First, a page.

A former JPMorgan Chase & Co. wealth manager has settled her Manhattan federal court retaliation suit against the $379 billion bank, ending a lengthy fight that appeared bound for a third trip to the Second Circuit, according to a filing on Monday.
The Texas Supreme Court has agreed to review a dispute between S&S Emergency Training Solutions Inc. and a former employee it alleges violated two non-disclosure agreements, in a case that asks the court to decide whether dismissal of the lawsuit under a state free speech law was appropriate.
Honeywell International Inc., Wheelabrator Technologies Inc. and another company have inked a deal to end finger-pointing about indemnification responsibilities for a trio of asbestos cases being pursued by former workers at a Pennsylvania facility that Wheelabrator purchased in the 1980s.
A Houston construction firm that specializes in building athletic facilities hit its former sales representative with a lawsuit in Texas state court on Friday, claiming she stole its trade secrets when she left the company and used the confidential information to launch a rival business.
The U.S. Supreme Court on Monday cemented a new limit on plaintiffs filing successive class actions, holding that the tolling provisions it established in its landmark American Pipe decision don't extend to individual class members wanting to file a new action on behalf of others after the statutory deadline to do so has passed.
Ogletree Deakins Nash Smoak & Stewart PC has again urged a California federal court to transfer a contentious $300 million gender discrimination suit from the state’s Northern District to its Central District, saying the lead plaintiff has “candidly conceded that she is forum shopping.”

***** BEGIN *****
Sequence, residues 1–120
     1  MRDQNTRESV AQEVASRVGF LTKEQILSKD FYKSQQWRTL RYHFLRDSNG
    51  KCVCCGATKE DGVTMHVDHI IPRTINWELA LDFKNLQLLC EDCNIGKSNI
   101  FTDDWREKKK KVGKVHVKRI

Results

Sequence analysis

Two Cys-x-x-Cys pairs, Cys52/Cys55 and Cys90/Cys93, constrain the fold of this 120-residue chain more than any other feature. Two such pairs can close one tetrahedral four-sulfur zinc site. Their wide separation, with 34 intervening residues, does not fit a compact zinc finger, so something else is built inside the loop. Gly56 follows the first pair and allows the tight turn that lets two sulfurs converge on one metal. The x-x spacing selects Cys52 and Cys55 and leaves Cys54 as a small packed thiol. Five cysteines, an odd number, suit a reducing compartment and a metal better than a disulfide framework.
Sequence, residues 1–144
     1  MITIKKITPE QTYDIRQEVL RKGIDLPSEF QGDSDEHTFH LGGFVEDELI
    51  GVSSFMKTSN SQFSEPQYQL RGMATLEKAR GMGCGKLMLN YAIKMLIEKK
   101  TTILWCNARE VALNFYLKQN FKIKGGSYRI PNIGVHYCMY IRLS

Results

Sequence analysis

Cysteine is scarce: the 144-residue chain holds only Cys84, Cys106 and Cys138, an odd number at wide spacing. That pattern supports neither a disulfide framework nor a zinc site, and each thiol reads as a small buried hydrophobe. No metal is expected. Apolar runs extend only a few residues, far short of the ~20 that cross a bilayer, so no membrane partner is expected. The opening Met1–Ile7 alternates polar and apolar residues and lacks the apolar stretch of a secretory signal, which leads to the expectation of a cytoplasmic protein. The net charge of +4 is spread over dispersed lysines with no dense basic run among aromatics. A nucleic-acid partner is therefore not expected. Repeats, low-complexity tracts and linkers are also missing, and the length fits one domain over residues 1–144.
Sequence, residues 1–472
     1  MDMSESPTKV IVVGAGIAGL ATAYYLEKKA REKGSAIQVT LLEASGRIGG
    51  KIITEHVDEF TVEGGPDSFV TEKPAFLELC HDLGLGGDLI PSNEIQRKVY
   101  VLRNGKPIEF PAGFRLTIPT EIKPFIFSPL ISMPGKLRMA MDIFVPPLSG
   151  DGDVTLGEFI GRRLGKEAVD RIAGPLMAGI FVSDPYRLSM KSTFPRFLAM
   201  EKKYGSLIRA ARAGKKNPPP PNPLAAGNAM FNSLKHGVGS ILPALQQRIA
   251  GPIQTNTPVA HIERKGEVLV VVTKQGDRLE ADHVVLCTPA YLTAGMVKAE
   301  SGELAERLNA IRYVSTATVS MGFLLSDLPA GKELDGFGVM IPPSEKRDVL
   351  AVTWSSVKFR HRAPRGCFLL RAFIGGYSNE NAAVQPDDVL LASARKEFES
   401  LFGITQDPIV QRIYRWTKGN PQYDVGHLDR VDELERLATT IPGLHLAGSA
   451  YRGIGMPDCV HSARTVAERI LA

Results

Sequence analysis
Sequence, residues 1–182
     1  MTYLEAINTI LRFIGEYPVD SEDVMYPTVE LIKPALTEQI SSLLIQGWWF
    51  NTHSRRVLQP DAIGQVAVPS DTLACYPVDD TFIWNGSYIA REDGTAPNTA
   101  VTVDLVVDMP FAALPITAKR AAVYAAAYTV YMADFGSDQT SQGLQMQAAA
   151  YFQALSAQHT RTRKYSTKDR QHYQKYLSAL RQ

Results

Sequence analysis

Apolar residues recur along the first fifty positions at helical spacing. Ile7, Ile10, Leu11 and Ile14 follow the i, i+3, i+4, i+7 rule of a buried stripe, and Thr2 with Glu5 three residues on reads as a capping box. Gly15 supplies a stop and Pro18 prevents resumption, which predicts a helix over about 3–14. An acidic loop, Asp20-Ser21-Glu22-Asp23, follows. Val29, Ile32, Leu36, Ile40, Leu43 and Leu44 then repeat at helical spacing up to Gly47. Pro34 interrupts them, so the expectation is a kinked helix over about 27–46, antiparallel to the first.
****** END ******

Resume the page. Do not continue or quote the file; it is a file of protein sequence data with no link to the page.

A California state judge on Friday tentatively granted class certification to thousands of Wells Fargo workers on claims they were underpaid for missed mealtimes and given improper pay stubs, but withheld his final ruling after the bank argued its individualized system for documenting meal premiums doesn’t support classwide litigation.
A California appeals court on Friday overturned a Target Corp. win against a gay former cashier who allegedly resigned due to workplace discrimination, saying a trial court was wrong to find his harassment claims were precluded by a separate settlement he reached with the retailer over workers' compensation.
The Seventh Circuit on Friday reversed in part a $307,902 attorneys’ fee award against the U.S. Equal Employment Opportunity Commission in its suit alleging CVS Pharmacy Inc. used a severance agreement to chill its employees’ rights to lodge discrimination claims with the agency, finding that the lawsuit wasn’t frivolous.
A California state judge on Friday gave preliminary approval to Intel Corp.’s $5 million deal to resolve claims that the tech giant overworked and underpaid employees in the Golden State, but only after having the parties explain the company’s seemingly lower percentage of hourly, nonexempt workers.
National Labor Relations Board Chairman John Ring faced criticism from an agency employee in the audience at a labor conference Friday over whether his recent remarks that the board has a role to play in job creation will result in weaker enforcement of federal labor law, with Ring saying that isn’t the case.